There’s a tremendous amount of liberty in learning that you’re probably not going to die anytime soon. There’s even more in learning that when you do eventually go, it won’t be from a disease will rob you of your mind and body before killing you.
If you’re Jake Dowell of the Rockford Ice Hogs, you take your triumphs where you can get them these days. And for Dowell, recently finding out that he is not carrying the gene for Huntington’s disease is indeed cause for celebration. To be sure, it will make Christmas this year, his first with five-month-old daughter Elizabeth, one to treasure.
But as always for Dowell, the joy will be tinged with sadness and tragedy. As he revels in the fact that the Huntington disease gene skipped him, his older brother, Lucas, is living out his final days in a care facility, slowly decaying from the same disease that took their father almost two years ago.
“He’s in the final stages of everything,” Dowell said of his brother. “He’s very much into the voices that are in his head. He’s just really quiet and he’s completely dependent on someone to care for him for everything.”
There is no cure for Huntington’s disease, at least not yet, so the prognosis for Lucas Dowell is grim. His organs are still working and he’s able to swallow food that is cut up and fed to him, but Jake Dowell knows the disease is progressing quickly.
“My dad was much more there mentally, so we debated for a while and he stayed alive a lot longer because we put a feeding tube in my dad and I don’t think we’re going to do that with my brother,” Dowell said. “He just doesn’t have the quality of life where he can even have a conversation with anybody and it was just so hard with my dad to decide when to take the feeding tube out and I don’t want to go through that again. I asked my mom if I need to come home over Christmas and the all-star break and she thought that he’s still eating, she thinks he would at least be able to make it through the hockey season and I’d be able to spend time with him in the summer. So I’m hoping for that, at least.”
The Dowell family’s plight was brought to light in 2011 when The Hockey News featured him on the cover. Dowell was a fourth-liner for the Chicago Blackhawks at the time and was dealing not only with the uncertainty he faced about his own future, but also the fact that both his father and brother were afflicted with Huntington’s, a rare genetic disorder in which nerve cells in the brain are irreparably damaged, causing various parts of the brain to deteriorate.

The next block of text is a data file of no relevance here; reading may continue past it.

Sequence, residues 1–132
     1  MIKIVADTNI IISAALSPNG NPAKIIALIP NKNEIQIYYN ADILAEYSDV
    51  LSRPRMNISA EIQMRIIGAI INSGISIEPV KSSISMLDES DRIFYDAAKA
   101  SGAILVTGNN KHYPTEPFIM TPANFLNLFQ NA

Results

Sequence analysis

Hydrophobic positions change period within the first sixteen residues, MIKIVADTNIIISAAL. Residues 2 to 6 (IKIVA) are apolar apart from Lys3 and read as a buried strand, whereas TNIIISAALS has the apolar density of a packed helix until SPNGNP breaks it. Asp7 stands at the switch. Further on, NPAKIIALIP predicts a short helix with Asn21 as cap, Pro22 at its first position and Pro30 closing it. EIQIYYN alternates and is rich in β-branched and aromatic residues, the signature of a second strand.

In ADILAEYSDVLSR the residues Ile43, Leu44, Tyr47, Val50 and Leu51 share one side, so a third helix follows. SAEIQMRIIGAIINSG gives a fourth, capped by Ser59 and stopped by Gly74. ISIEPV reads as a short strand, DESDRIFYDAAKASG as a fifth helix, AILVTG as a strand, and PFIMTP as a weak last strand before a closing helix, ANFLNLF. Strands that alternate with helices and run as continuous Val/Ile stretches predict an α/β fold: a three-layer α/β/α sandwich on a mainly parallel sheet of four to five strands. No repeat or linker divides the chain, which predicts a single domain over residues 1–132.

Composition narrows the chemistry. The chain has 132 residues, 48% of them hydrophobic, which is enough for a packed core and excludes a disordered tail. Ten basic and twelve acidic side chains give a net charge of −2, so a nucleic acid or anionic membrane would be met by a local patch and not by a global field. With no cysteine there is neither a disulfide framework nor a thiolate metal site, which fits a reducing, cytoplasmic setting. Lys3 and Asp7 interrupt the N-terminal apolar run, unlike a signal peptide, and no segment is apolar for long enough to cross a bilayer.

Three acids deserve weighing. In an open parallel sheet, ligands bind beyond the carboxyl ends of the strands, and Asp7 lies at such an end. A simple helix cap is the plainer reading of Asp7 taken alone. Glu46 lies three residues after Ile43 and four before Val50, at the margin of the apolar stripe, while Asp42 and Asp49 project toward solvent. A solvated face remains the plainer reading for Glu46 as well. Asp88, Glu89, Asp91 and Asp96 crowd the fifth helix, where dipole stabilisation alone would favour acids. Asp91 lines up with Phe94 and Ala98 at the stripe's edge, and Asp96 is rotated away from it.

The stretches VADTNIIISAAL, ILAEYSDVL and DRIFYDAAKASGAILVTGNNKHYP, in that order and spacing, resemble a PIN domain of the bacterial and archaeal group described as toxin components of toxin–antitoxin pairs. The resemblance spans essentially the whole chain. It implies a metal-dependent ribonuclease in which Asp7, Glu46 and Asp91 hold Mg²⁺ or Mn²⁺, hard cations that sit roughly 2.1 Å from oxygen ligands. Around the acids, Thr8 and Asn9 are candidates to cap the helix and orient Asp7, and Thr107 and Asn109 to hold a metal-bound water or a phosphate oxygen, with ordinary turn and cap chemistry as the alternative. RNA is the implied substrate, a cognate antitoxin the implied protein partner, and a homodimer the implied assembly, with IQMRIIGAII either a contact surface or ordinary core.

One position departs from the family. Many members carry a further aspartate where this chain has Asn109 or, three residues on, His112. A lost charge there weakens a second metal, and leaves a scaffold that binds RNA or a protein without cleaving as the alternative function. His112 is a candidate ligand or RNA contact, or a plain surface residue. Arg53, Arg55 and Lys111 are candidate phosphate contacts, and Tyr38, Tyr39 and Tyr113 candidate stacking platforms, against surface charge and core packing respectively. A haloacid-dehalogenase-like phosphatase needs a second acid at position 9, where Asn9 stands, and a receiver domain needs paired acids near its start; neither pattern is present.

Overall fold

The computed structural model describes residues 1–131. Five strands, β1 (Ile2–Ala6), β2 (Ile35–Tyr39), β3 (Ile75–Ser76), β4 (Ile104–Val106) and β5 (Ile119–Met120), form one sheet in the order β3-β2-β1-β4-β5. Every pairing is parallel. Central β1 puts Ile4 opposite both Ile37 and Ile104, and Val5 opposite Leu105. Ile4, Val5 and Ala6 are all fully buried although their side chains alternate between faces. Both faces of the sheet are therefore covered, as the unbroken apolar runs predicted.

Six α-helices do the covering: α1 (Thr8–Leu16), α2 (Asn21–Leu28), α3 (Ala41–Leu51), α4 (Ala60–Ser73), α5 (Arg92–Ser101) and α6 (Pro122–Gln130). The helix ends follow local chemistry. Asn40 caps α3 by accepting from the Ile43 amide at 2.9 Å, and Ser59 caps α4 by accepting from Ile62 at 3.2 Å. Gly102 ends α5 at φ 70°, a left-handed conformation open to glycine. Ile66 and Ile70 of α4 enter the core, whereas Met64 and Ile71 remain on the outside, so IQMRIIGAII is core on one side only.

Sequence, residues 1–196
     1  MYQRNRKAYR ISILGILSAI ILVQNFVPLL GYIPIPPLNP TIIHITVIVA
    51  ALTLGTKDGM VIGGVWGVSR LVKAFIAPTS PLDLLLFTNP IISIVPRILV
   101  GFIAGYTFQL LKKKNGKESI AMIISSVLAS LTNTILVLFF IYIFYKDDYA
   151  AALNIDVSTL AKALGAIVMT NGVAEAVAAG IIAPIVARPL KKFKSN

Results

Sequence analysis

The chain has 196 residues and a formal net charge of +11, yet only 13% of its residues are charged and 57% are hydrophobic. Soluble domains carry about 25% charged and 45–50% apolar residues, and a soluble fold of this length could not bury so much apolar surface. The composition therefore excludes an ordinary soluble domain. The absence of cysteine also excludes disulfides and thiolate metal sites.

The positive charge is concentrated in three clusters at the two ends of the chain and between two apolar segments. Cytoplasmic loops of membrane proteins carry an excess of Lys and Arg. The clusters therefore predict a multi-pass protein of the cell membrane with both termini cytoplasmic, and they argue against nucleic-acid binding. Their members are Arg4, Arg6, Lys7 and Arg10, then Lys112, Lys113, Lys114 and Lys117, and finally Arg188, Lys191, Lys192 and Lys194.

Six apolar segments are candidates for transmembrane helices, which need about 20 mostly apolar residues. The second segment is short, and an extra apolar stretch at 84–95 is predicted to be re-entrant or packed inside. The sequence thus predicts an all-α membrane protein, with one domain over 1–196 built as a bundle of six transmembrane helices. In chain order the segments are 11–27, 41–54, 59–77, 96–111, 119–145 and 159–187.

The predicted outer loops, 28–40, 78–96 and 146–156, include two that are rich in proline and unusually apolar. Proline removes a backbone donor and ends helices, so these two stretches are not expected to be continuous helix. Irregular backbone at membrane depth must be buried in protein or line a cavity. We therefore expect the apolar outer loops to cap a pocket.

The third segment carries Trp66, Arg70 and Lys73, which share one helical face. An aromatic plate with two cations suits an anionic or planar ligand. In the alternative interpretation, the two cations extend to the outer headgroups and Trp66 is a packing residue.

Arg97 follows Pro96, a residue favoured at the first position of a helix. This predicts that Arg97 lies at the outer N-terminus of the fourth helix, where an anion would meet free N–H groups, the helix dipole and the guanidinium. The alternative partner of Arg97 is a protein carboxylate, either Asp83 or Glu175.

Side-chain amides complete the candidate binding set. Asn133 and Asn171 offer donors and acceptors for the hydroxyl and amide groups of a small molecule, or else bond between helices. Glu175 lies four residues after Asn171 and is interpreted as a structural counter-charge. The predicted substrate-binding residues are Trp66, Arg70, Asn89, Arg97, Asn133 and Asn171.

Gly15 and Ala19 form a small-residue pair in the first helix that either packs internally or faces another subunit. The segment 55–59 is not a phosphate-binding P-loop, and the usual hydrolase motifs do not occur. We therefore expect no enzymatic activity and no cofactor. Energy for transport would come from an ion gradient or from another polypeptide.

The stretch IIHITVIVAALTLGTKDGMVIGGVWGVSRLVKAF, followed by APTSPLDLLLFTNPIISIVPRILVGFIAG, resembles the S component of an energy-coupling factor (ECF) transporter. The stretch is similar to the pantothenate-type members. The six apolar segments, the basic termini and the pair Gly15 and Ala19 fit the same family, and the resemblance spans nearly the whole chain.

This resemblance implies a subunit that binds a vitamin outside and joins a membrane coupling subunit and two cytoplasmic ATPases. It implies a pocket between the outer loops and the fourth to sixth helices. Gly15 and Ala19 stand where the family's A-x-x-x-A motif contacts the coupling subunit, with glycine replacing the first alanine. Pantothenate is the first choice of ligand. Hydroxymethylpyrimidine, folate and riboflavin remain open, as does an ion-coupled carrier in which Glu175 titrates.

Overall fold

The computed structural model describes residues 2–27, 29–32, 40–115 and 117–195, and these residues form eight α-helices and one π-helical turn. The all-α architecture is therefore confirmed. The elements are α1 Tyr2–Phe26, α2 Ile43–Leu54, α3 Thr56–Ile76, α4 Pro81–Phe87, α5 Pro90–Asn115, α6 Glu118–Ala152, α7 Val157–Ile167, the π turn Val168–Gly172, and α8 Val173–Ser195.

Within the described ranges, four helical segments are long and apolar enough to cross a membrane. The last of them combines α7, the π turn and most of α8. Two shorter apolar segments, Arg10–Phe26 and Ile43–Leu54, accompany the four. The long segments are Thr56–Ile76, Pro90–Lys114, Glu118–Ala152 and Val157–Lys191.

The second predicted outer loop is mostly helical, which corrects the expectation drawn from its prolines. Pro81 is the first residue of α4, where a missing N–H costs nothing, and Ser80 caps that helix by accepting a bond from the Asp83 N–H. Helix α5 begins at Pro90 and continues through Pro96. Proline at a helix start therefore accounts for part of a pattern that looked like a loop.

Here is a PDF version of the THN story on Dowell:
So while Dowell may be free of Huntington’s disease in a physical sense, it never, ever really leaves him and probably never will. But gone are the days when a simple muscle twitch would have him wondering whether or not he was carrying the gene. For years and years, the disease has played games in his head and it finally got to the point where he had to know what his future was going to be. The fact that the uncertainty has been removed has given Dowell a new lease on life. In many ways, even though he’s 30 years old and has played 562 pro games – 157 in the NHL – Dowell feels the optimism of a rookie these days.
“To be totally honest, I just assumed I had it because I wanted to be prepared for the worst,” Dowell said. “There are certain things you do where your mind can play tricks and make you think…but now I look back laugh. I said to my wife, ‘Now that I know I’m not sick, I was just doing something dumb.’ But I do feel so much lighter. Now, I can stop overanalyzing everything.”
How that will translate to hockey is the next question to be answered. Will skating with less of a personal burden make Dowell a better hockey player? He hopes so. After playing out his contract in the Montreal Canadiens system last season, Dowell went to Rockford on a tryout and not only made the team, but is tied for the lead in scoring on a Rockford team that is in first place in the AHL’s Central Division and second place in the Western Conference.
“I’ve been pretty focused this year and I’m having a pretty good year,” Dowell said. “And I want to be able just focus on that and try to get myself to where I want to be and that’s the NHL. So now that can be my main focus.”
The first cardinal rule in sports journalism is that there is no cheering allowed in the press box. But we’re cheering for Jake Dowell to get back to the NHL. Loudly. There are few players who deserve it more.